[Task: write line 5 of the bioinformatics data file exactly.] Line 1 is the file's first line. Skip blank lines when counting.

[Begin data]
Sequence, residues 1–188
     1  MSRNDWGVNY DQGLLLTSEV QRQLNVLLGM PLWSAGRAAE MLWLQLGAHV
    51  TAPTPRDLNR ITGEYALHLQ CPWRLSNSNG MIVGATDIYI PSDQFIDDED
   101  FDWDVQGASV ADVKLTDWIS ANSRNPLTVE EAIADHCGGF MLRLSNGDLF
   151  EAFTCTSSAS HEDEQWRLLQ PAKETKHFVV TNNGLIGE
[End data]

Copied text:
   151  EAFTCTSSAS HEDEQWRLLQ PAKETKHFVV TNNGLIGE